What is a cataract?
How do I know if I have one?
The lens of the eye is normally transparent. If a cloudy area develops in the lens, it is called a cataract. As the lens becomes increasingly opaque, light rays entering the eye are prevented from focusing on the light sensitive tissue lining the back of the eye, known as the retina. Symptoms include blurred vision, sensitivity to light and glare, distortion, and dimming of colours and eventually loss of vision.
What causes cataracts?
By far the most common cause of cataract is age. Cataracts can also be caused by injury, drugs, systemic or ocular disease.
How are cataracts diagnosed?
Your eye doctor will perform a thorough examination of your eyes. There is no single objective test to determine a need for cataract surgery. The final decision for cataract surgery is made by the patient and depends on how much the decreased vision from the cataract is bothersome.
Are cataracts only found in older people?
By the age of 60, about half of all adults will have some level of cataract formation, although it is often unnoticeable. A cataract is painless and usually develops gradually over several months or years. By the age of 70 however, nearly everyone has some degree of cataract formation.
How can my cataract(s) be treated?
At first, a change in the prescription for your spectacles may be all that is needed. This may improve your vision temporarily. There are no medications or eye drops that will cause cataracts to disappear. When you are unable to do the things you like doing, or you are unable to pass your drivers license exam, cataract surgery should be considered. Cataracts can only be removed with surgery.
Is the procedure painful?
With modern equipment and improved procedures, the surgery is short and minimally invasive. The surgery is generally performed under topical or local anaesthesia and light sedation may be administered so you will not feel anything. The incision is less than 2.5mm (1/10”) and only the inner lens is gently removed, leaving the lens capsule intact. It is generally a no-stitch procedure and you will be able to go home shortly after the surgery.
How successful is the surgery?
Cataract surgery generally has an overall success rate of over 95 percent. The Peninsula Eye Centre (part of the Moreton Eye Group) benchmarks its cataract outcomes against leading international studies, making us one of the few, if not the only eye centre in Australia that does so.
Will I still have to wear glasses after the cataracts are removed?
Depending on the type of lens you have inserted, you may still require reading glasses. Most patients have IOLs (intraocular lenses) implanted during surgery which are designed to improve long vision (monofocal). Multifocal lens allow for greater range correction and may not require the patient to use any glasses afterwards, however, this comes with drawbacks – usually a reduction in contrast sensitivity and halos, especially around bright lights which can make driving at night difficult. We can discuss the advantages and disadvantages of multifocal lenses or mono-vision (where one eye is set for near vision and the other for distance vision) and help you decide what is the most sensible choice for you at your consultation.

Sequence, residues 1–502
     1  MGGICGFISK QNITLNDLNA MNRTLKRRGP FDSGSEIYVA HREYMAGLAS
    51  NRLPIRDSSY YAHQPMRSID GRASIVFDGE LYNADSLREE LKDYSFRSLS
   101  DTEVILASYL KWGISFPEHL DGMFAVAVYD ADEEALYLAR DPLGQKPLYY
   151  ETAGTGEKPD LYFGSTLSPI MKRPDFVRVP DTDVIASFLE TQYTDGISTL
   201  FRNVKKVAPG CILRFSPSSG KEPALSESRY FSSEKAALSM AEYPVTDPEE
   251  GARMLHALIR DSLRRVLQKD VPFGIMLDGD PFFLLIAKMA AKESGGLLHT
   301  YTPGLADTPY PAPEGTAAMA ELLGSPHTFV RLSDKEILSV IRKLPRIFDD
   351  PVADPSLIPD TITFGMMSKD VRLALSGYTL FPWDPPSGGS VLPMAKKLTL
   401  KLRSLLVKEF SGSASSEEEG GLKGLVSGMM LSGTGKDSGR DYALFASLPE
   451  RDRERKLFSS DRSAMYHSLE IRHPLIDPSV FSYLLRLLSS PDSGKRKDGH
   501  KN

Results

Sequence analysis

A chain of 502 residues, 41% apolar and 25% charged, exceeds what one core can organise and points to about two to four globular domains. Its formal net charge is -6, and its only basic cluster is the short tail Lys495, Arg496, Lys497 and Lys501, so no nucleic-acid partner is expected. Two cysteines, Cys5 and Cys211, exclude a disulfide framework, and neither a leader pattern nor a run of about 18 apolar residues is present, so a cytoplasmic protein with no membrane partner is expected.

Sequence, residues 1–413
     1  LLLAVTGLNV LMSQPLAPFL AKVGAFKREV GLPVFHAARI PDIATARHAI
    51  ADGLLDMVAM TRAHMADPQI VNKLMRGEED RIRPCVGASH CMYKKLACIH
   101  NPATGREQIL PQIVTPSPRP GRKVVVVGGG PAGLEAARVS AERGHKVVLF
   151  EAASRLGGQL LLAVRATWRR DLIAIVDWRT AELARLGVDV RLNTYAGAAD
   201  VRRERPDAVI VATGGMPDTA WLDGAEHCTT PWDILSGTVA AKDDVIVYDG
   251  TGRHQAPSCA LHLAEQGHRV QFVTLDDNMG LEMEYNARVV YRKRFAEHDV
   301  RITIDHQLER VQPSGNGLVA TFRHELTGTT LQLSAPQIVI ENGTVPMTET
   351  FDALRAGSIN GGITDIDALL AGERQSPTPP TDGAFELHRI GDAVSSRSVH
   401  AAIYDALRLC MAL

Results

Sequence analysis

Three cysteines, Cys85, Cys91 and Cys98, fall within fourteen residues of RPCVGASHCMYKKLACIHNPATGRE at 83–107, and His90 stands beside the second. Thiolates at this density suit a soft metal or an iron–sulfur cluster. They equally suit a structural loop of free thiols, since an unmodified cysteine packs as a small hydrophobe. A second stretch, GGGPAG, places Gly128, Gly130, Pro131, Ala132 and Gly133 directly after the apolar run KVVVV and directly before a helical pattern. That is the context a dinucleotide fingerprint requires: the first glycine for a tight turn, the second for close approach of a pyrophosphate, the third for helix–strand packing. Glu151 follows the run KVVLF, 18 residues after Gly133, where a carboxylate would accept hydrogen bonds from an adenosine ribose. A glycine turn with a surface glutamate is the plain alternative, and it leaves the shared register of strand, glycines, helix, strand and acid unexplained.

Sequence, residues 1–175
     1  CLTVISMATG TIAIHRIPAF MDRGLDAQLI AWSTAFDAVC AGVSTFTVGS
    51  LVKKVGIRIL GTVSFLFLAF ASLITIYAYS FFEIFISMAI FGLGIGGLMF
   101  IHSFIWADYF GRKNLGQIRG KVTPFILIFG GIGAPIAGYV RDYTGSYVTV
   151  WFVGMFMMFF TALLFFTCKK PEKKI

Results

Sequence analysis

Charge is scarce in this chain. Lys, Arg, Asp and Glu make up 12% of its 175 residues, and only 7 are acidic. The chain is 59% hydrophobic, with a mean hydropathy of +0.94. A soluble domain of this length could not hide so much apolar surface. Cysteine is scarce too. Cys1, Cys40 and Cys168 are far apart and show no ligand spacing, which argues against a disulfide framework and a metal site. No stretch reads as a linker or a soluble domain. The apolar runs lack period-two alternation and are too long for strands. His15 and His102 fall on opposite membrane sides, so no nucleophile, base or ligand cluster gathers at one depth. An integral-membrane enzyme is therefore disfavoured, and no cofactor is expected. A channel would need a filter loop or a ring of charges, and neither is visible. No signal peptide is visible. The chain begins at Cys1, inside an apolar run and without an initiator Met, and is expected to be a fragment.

Will the cataracts ever return?
Once the natural lens has been removed from your eye, cataracts can never come back. However, some patients experience further cloudy or hazy vision after their surgery. This is due to the lens capsule behind the intraocular lens becoming cloudy. Your ophthalmologist can correct this problem with the use of a Y.A.G. laser which will be used to create an opening in the capsule. The procedure is painless and safe and will provide nearly immediate results.
Will pre-existing conditions pose a problem or risk?
They can cause problems, such as interfering with the surgery itself, anaesthesia or after-care. Be sure to disclose all health problems, symptoms and medical risks you have or had in the past. This information is always kept confidential. Make sure to tell the doctor about: allergies; bad reactions to antibiotics or anesthetics or any other type of drug or medicine; heavy bleeding if you've had surgery or been injured before; had any blood disorder, such as haemophilia and any previous problems with or surgery to your eyes. Be sure to let us know all drugs, medicines and supplements you take.
How much will the surgery cost?
You will be advised by our staff about costs depending on your treatment. They will discuss what will be covered by public or private health insurance and indicate out-of-pocket expenses. You will be provided with an estimate on your initial consultation. We have contacts with Veterans Affairs, are a preferred MBF provider and have affiliations with all other health funds.
What are possible side-effects or complications?
As with any type of surgery, there are possible risks. Our team make every attempt to minimise complications, but they can and do occur and may have permanent effects. You surgeon will outline the specifics to you, not in an effort to alarm you, but just so you are fully informed on whether this type of surgery is right for you. Serious complications, however, are rare (about 1 in 400) and many can be resolved with some additional treatment.